On Sunday, July 6, 2014 11:36:23 AM UTC-5, Shiyao Ma wrote:
> I often heard people mention use help(ob) as a way of
> documentation look up. Personally I seldom/never do that.
> My normal workflow is use ipython, obj? or obj?? for quick
> look up or use docs.python.org for a detailed read. Do you
> use `help`? How does it integrate into your workflow? Or
> instead, what similar tools do you use?

For me i use a very simple graphical IDE for writing code,
and i have a Python interactive console for testing snippets
here or there when needed.

I just abhor bloatware like Eclise! I also have no use for
debuggers or line breaks or any of that childish nonsense.
*Real* programmers possess keen detective that can root out
bugs with nothing more than a few well placed print
statements and some good old fashioned "eyeball analysis".

Besides, writing rock solid interfaces is prerequisite for
programmer happiness. That means type checking inputs to
function and classes so you don't propagate errors ten miles
from the source of the problem before they get raised by
Python (Tkinter i'm looking at angrily you now!), then you
spend two day analyzing miles of implicit trace-back messages
only to find out a parameter was illegal and could have been
caught at input!


And, as Mr.D'Aprano has stated, many of the built-in
functions like "dir" are in need of refining. But i go a
step further than mere monkey patching, and have decided long
ago that too much of the introspection of Python is broken
in ways that can only be repaired via an "introspection
mini-language", which i have incorporated directly into my
custom shell. Besides, who really enjoys typing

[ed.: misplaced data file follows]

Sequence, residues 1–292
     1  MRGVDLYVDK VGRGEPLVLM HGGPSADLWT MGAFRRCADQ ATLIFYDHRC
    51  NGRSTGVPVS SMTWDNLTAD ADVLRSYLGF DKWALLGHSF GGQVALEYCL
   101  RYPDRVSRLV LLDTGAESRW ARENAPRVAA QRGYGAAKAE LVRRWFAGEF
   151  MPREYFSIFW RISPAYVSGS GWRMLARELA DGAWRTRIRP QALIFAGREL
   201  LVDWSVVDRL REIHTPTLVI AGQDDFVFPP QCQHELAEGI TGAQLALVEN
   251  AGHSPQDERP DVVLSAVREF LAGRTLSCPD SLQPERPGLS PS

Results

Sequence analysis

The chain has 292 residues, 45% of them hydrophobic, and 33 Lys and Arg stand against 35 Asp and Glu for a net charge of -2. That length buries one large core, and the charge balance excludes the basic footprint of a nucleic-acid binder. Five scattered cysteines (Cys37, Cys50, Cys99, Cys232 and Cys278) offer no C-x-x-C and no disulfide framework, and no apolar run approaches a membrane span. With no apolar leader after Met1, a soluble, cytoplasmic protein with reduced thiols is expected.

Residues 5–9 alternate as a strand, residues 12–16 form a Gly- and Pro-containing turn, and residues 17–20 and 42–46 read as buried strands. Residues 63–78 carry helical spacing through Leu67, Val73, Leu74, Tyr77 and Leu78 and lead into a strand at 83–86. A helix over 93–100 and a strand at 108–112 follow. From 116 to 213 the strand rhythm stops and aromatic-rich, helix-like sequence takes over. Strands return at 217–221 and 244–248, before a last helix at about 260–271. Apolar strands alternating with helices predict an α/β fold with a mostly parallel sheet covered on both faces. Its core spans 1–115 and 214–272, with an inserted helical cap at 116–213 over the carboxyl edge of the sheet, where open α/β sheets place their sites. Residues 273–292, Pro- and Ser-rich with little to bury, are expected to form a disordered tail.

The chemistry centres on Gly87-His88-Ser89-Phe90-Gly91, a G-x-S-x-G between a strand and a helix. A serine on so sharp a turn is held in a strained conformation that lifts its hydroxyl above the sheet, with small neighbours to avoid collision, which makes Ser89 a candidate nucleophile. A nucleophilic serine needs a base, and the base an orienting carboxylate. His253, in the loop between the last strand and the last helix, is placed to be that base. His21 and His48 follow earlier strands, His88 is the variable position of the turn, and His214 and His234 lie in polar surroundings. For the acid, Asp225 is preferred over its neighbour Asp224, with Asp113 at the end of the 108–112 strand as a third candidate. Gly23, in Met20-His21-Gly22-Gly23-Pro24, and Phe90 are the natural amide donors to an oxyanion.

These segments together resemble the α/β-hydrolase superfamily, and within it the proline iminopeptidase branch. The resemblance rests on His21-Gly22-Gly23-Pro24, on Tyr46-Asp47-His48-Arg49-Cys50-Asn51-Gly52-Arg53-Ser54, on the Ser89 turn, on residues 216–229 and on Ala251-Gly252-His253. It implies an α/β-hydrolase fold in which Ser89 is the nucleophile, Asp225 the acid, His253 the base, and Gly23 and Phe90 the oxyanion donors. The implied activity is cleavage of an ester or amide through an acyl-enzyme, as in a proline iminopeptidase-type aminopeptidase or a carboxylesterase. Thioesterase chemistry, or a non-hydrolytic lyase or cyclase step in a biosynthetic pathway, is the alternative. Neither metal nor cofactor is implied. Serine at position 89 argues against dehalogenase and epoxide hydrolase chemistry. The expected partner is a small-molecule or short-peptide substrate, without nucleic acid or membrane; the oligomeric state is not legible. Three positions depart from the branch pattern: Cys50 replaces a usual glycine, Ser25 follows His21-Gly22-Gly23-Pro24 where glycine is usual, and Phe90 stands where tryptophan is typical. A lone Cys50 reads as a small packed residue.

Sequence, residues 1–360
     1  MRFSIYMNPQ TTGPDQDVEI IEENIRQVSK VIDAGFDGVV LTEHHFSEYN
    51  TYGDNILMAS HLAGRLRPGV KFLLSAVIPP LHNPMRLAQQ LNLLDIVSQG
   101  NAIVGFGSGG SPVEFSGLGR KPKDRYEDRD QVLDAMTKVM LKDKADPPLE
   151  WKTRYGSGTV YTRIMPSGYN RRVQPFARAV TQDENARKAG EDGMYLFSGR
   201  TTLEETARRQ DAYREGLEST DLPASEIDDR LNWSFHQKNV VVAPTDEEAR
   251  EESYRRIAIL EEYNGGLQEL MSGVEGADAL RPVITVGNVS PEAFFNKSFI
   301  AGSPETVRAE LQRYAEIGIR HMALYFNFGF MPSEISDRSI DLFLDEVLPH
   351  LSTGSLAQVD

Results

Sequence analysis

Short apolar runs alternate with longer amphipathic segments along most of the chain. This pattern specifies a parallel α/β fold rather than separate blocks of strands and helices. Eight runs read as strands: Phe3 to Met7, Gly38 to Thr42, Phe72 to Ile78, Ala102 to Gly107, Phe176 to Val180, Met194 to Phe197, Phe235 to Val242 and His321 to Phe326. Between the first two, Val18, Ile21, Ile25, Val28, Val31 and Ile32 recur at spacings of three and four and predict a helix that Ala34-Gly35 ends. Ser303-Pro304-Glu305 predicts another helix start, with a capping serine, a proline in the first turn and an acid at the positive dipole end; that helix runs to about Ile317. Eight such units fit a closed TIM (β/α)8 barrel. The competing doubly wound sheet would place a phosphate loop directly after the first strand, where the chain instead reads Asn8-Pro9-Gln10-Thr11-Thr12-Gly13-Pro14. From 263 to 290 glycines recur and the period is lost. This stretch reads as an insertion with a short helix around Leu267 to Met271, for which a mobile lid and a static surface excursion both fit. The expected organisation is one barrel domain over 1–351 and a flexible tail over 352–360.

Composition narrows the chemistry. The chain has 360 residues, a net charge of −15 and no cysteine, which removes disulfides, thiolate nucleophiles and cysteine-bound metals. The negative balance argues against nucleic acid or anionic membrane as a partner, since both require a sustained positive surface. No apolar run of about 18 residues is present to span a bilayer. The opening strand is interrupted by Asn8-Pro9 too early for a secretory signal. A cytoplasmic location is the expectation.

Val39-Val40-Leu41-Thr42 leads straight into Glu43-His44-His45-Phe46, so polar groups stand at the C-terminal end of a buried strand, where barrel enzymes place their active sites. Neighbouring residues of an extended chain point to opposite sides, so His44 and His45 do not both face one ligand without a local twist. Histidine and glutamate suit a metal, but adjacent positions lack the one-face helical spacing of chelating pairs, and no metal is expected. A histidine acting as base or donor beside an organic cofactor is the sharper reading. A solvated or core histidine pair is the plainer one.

Both of those function require more effort to type than the
information for which they provide, much of which is too
verbose anyhow. I mean really, what is GvR's excuse for not
adding some filtering to "dir"? He could do it in a
backwards compatible manner, but no, he refuses, and instead,
decides to fracture a community over a print function!


And i've never used ipyhon, but if that question mark does
what i think it does then i'm yet again reminded that "great
minds do, in fact, think alike"!

What i'm saying is that the built-in functions of "help",
"dir", "type", "id", "repr", "str", etc... are "enough" for
the neophyte however they are woefully inadequate for a
pythonista like myself.

In fact, the more i use this language the more i realize how
much i need to change to make it useful for me, which
reminds me that i need to get cracking on that fork again.
Although i don't know why i bother to mention that fork
anyway since it will most likely be my little private toy
anyway. I have yet to be convinced that this community
deserves any of my contributions, and instead, they will
suffer my grievances.

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